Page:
This course would benefit those interested in learning how to use tools to investigate and research bacterial genomes, and acquire bioinformatics skills to evaluate the role of microbial genes in disease. Learners will gain experience in comparative genomics, using the Artemis Comparison Tool to probe, visualise and compare genomes, and analyse the results.
This course will be of interest to anyone interested in microbiology, including undergraduates, post-graduates, biomedical researchers, microbiologists, bioinformaticians, teachers, and healthcare professionals.
The opportunity to gain experience in using the Artemis Comparison Tool, a computational tool designed for comparative genomics, will also be of interest to all those who have studied our recommended pre-requisite courses: those with an interest in genomics and disease outbreaks, teachers and their 16-18-year-old science and computing students.
Ideally, you will have completed Bacterial Genomes: From DNA to Protein Function Using Bioinformatics and Bacterial Genomes: Accessing and Analysing Microbial Genome Data before joining the course.
Who will you learn with?
- Dr. Anna Protasio: I am a researcher in parasitology and computational biology at the University of Cambridge. I am passionate about bioinformatics and how we can use these tools to answer questions in biology.
- Dr. Ulrike Böhme: I am a researcher in parasitology at the Wellcome Sanger Institute where I work as biocurator for Plasmodium genomes.
- Dr. Christine Boinett: I am a researcher in bacterial genetics and my interest is in understanding the development of resistance in bacterial pathogens using next generation sequencing techniques.
- Martin Aslett: I am the IT Manager for the Wellcome Genome Campus Advanced Courses and Scientific Conferences team. My interests lie in bioinformatics and its application to microbial genomics.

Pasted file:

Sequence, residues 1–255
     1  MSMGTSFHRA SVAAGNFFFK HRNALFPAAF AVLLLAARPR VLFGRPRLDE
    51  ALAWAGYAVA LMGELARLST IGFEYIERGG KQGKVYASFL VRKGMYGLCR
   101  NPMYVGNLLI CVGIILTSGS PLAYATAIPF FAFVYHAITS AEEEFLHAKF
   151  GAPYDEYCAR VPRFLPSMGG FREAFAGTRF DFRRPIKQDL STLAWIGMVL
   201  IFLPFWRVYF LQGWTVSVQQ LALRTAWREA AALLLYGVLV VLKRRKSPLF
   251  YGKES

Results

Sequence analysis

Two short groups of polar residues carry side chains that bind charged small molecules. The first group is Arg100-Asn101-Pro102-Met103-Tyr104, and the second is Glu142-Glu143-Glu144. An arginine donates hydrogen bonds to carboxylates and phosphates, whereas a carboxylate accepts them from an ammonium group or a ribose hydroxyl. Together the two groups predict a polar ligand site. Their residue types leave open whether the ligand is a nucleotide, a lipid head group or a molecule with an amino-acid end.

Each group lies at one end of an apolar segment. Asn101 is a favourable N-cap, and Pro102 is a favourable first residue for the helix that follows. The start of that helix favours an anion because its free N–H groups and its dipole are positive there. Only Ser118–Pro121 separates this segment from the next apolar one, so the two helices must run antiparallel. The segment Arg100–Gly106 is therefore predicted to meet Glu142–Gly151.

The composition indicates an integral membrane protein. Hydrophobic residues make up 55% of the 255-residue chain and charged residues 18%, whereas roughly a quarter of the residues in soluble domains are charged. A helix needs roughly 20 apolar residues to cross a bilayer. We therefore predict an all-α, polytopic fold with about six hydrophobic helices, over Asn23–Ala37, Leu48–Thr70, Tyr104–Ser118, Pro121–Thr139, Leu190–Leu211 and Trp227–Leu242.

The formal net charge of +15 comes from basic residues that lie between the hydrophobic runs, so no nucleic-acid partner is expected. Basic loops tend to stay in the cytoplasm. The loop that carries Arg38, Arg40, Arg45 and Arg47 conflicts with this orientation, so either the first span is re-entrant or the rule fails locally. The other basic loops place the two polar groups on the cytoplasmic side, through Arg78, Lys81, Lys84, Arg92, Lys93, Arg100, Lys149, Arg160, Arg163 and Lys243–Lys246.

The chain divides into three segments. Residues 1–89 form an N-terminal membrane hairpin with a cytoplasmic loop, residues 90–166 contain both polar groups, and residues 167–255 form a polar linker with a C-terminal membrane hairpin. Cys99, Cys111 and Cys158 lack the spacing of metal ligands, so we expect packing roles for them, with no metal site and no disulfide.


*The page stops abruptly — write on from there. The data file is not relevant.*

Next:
- Matthew Dorman: I am a graduate student at the Wellcome Sanger Institute, where I research the virulence and the molecular genetics of bacterial pathogens.
- Professor Nicholas Thomson: I am a Group Leader at the Wellcome Sanger Institute. I provide scientific oversight for this course. I am interested in bacterial evolution and the spread of infectious disease.
Who developed the course?
Wellcome Genome Campus Advanced Courses and Scientific Conferences: Wellcome Genome Campus Advanced Courses and Scientific Conferences provides open postgraduate courses and conferences focused on biomedicine.
Wellcome Genome Campus Advanced Courses and Scientific Conferences are offering everyone who joins this course a free digital upgrade, so that you can experience the full benefits of studying online for free. This means that you get:
- Unlimited access to this course
- Includes any articles, videos, peer reviews and quizzes
- Tests to validate your learning
- A PDF Certificate of Achievement to prove your success when you’re eligible
To register and join the course, visit: https://www.futurelearn.com/courses/bacterial-genomes-comparative-genomics-act